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Social PerceptionDetection and Interpretation of Animacy, Agency, and Intention$
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M.D. Rutherford and Valerie A. Kuhlmeier

Print publication date: 2013

Print ISBN-13: 9780262019279

Published to MIT Press Scholarship Online: May 2014

DOI: 10.7551/mitpress/9780262019279.001.0001

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Evidence for Functional Specialization in the Human Superior Temporal Sulcus (STS)

Evidence for Functional Specialization in the Human Superior Temporal Sulcus (STS)

Consideration of Biological Motion Perception and Social Cognition

Chapter:
(p.61) 4 Evidence for Functional Specialization in the Human Superior Temporal Sulcus (STS)
Source:
Social Perception
Author(s):

Emily D. Grossman

Publisher:
The MIT Press
DOI:10.7551/mitpress/9780262019279.003.0004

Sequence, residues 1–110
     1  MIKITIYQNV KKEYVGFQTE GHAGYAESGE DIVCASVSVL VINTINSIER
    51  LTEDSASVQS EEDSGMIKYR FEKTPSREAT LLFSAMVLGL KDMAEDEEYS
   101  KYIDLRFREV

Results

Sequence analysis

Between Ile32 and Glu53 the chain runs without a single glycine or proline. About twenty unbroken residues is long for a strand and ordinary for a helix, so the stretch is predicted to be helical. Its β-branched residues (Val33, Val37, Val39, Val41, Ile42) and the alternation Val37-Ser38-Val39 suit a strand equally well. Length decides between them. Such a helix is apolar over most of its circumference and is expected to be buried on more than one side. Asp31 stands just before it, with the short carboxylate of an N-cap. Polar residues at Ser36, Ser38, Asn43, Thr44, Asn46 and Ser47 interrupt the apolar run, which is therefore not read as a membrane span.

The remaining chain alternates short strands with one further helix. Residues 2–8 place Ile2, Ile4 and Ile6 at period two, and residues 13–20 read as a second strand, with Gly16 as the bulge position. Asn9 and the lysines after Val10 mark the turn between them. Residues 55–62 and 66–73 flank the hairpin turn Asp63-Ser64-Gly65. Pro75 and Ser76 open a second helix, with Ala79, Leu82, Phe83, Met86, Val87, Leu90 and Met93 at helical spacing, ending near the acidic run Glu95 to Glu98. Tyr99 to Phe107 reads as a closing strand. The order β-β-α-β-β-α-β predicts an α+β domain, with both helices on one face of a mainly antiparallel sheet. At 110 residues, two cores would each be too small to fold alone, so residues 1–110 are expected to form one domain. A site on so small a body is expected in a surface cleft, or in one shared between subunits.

The perception of human actions in point-light biological motion animations relies on the coordinated activity of brain regions in the occipital, parietal, and frontal cortex. This chapter discusses neuropsychological, single-unit, and neuroimaging evidence for linking the superior temporal sulcus (STS) to the cognitive demands of perceiving biological motion. Although the evidence accumulated over the past twenty years has suggested STS specialization for the perceptual construction of actions, the relatively recent emergence of findings from studies of social cognition suggest that a domain-specific hypothesis of STS specialization may be misplaced. Some proposals for alternatives theories are discussed.

Keywords:   Biological motion, Superior temporal sulcus, Social cognition

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